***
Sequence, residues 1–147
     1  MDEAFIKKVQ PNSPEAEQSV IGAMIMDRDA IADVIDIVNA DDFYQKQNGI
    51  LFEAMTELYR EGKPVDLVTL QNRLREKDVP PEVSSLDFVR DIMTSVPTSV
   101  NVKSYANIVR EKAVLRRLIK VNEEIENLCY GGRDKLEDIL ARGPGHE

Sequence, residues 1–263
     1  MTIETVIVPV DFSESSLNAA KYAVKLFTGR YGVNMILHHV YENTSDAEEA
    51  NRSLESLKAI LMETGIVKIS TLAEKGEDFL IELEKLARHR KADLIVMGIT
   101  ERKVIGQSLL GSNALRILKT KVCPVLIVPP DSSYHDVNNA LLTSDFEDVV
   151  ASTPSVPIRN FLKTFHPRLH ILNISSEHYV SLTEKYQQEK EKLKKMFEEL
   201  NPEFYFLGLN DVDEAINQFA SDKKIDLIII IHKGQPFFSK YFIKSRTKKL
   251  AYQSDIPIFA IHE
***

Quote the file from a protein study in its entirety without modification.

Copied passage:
Sequence, residues 1–147
     1  MDEAFIKKVQ PNSPEAEQSV IGAMIMDRDA IADVIDIVNA DDFYQKQNGI
    51  LFEAMTELYR EGKPVDLVTL QNRLREKDVP PEVSSLDFVR DIMTSVPTSV
   101  NVKSYANIVR EKAVLRRLIK VNEEIENLCY GGRDKLEDIL ARGPGHE

Sequence, residues 1–263
     1  MTIETVIVPV DFSESSLNAA KYAVKLFTGR YGVNMILHHV YENTSDAEEA
    51  NRSLESLKAI LMETGIVKIS TLAEKGEDFL IELEKLARHR KADLIVMGIT
   101  ERKVIGQSLL GSNALRILKT KVCPVLIVPP DSSYHDVNNA LLTSDFEDVV
   151  ASTPSVPIRN FLKTFHPRLH ILNISSEHYV SLTEKYQQEK EKLKKMFEEL
   201  NPEFYFLGLN DVDEAINQFA SDKKIDLIII IHKGQPFFSK YFIKSRTKKL
   251  AYQSDIPIFA IHE